Ransomware (a.k.a. t.wnry)

Finally, the ransomware. This component presents itself as an encrypted blob while on disk. The ransomware can’t do any harm while in this state and must be loaded and decrypted by the dropper.

In-The-Wild Variants

If you’re following the WannaCry saga on social media, you might notice the confusion around new variants. As noted by the press early in the outbreak, the worm had a built-in kill switch that attempted a connection to a hardcoded domain. If it succeeded, the malware exited.

Naturally, all one needed to do was to modify this hardcoded string to start things up again and produce a new variant. So, researchers have been watching for new variants like hawks. However, by the end of the day on the Monday following the outbreak, no new significant outbreaks occurred. Security researcher Matt Suiche is registering new domains as they are discovered, but only two new domains appeared over the weekend and into Monday.

So, about those variants… we have roughly 53 worms, 44 droppers and 21 ransomwares at the time of this writing, all unique by hash. What’s going on? These are not true variants in the sense that they provide new functionality or changes to the way the malware works. In fact, the only variable portion of the worms and droppers is the resource section.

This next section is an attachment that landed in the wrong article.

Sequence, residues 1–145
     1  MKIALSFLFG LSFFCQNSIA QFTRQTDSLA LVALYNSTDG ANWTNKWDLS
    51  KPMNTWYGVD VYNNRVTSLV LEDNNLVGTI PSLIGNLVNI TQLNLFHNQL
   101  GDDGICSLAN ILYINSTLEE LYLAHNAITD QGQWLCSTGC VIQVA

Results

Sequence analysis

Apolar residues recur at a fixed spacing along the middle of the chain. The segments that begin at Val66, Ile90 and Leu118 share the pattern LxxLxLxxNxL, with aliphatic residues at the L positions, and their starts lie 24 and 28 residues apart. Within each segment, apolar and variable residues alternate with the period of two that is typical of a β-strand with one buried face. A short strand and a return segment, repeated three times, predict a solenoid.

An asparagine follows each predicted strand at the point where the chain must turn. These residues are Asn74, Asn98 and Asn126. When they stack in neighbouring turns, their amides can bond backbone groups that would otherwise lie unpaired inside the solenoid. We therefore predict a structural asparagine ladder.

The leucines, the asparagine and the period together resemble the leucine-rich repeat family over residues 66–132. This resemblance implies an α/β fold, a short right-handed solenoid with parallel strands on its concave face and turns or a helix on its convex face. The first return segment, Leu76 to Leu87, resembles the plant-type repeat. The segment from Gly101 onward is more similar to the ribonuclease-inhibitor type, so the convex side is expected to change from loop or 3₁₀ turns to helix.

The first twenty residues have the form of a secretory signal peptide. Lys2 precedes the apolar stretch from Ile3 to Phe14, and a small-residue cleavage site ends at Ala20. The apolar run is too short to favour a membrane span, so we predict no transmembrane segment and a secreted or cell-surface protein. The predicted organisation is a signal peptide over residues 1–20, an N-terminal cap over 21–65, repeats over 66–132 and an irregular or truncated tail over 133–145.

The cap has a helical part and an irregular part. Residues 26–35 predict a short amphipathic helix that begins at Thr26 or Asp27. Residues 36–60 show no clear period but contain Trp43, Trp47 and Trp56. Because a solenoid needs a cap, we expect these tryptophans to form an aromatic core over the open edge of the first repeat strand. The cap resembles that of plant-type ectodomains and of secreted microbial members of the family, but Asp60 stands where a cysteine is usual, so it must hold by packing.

As noted last Friday by security researcher Zammis Clark, the malware constructs a DLL payload in memory using embedded x86 and x64 DLLs. That write-up mentions how the original worm is appended to the DLL, then highlights the area of the code in the DLL that extracts and runs the worm.

However, the extraction routine was not discussed in depth. Could there be something creating variability? Using this sample on VirusTotal as an example, we can inspect the payload creation code and discover the size (same as Clark’s analysis) and location of the DLL (Figure 1).

Figure 1. Payload Creation Routine in Worm

We can jump to the virtual offset in the file and IDA will helpfully show us the physical offset we need (Figure 2, note the red box). From there, it is a simple matter of carving out the file using any tool you prefer. 

I used Python to do something like this:

with (‘worm.exe’,’rb’) as file_handle1:

               with (‘embedded_dll.bin’,’wb’) as file_handle2:

                              file_handle2.write(file_handle1.read()[0xb020 : 0xb020+0x4060])

Figure 2. Exact Location of Embedded x86 DLL

Once extracted, we can have a look at the layout of the DLL. The resource section in the DLL indicates a much larger size than the physical size of the file (Figure 3). All the functional, non-corrupted worms we’ve seen are 3.6MB in size, so this provides plenty of headroom to append the binary.

Figure 3. Sections of Embedded x86 Payload (Note .rsrc Size of Raw Data)

However, creating the payload in this way would look weird on disk and present some anomalies from executable inspection tools. If the resource was extracted using the size of the resource returned by SizeOfResource, then, at best, you would get junk data from wherever the DLL resides in memory, and you’d probably more likely get an access violation. Remember, this DLL + payload will run inside kernel space on the exploited system. That kind of mistake could lead to a blue screen.